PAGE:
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Predatory Pricing


DisciplinesMarketing > Pricing > Predatory Pricing

Description | Example | Discussion | See also



Set your prices so low they capture all of the market. This will drive your competitors away and dissuade others from entering your market.

If you are already a market leader, set prices for your new products lower than those of your existing products. If you are entering a market, undercut the whole market by a sufficient amount to capture a lot of their customer base.


A legal team setting up in a new area offers prices 20% less than the norm for other firms.

A printer manufacturer innovates a new and better machine and prices it 10% less than their machine which is already a market leader.

A startup produces a low-cost product that lets them enter a market at 50% of the lowest competitor. Even though the larger companies fight back, the startup's backers are ready to go the distance to ensure they change the nature of what was a slow, old market.


When you are dominant in the marketplace, you will probably have gained the maximum economies of scale. This gives you a margin you can use to undercut competitors and dissuade new entrants. You may also be able to fund predatory pricing from cash cows or other parts of the business.

When you are a market leader, it is easy to sit back on your laurels and price to gain profit from your existing customers. This gives you profit in the short term but it also gives other companies an opening to enter and compete. Predatory pricing may keep out such competitors.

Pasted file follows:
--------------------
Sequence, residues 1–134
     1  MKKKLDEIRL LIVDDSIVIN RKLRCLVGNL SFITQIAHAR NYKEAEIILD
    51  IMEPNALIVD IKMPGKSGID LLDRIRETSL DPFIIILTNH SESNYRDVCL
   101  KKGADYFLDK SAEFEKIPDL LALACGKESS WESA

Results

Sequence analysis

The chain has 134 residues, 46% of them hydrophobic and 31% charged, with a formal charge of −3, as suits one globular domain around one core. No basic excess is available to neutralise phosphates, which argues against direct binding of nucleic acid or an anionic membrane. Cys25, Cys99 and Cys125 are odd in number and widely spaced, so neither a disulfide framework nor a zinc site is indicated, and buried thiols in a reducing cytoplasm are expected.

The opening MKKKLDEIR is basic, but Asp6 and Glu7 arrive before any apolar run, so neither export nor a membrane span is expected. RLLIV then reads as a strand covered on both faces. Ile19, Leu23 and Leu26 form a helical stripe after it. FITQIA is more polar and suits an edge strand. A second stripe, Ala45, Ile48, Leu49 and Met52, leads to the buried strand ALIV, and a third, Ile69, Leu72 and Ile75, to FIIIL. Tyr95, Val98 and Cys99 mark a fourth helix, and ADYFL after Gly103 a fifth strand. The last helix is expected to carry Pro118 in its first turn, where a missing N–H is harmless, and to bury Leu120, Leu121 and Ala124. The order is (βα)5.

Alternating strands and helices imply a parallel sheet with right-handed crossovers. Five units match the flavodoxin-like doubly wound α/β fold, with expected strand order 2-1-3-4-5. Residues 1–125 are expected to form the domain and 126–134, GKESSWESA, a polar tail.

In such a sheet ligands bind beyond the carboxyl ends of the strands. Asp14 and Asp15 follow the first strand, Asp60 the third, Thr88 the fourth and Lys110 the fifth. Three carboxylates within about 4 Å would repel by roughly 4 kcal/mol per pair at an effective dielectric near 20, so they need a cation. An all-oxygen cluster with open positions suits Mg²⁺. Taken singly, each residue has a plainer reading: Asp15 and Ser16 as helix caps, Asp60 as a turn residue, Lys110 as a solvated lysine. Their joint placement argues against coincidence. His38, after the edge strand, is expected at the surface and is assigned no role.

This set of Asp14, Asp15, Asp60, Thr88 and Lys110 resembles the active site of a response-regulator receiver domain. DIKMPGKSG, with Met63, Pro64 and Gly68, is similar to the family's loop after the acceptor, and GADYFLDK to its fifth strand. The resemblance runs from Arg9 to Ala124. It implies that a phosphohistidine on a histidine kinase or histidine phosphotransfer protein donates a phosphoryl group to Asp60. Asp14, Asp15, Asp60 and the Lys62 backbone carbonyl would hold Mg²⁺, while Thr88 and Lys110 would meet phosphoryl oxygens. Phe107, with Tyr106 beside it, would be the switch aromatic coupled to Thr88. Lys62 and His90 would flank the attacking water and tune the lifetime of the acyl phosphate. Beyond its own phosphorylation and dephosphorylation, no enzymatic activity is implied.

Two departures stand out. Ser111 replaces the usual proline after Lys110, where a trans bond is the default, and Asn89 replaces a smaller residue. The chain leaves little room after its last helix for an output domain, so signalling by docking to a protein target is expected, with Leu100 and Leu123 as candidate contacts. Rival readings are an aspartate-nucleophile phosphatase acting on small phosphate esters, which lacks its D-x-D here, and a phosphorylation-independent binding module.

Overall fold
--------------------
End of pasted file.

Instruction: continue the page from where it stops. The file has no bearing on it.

In an existing market, predatory pricing may spark a price war. Be ready to price lower again, even at a loss and for a long period, in order to win this costly competition. Before you even start predatory pricing, look at the history of other competitors for how hard and long they may fight. Then decide if you can afford this battle.

You may win the predatory war, driving out existing competitors, but potential new competitors may notice how this has weakened you and enter the fray just as you think you have won. If you are not ready to continue with a low-cost strategy you could be in for an even longer fight.

Predatory pricing is not good for competition, especially in the longer term, and hence leads to monopolies. This makes it unpopular with governments and regulators who seek to sustain a competitive marketplace, and who may legislate against predatory prices and practices. The result can be expensive anti-trust claims, so you should be careful before deciding to use predatory pricing. Remember also that even if you do not deliberately price in a predatory way, if you have low prices you may be accused of this approach.

See also

Competitive Pricing

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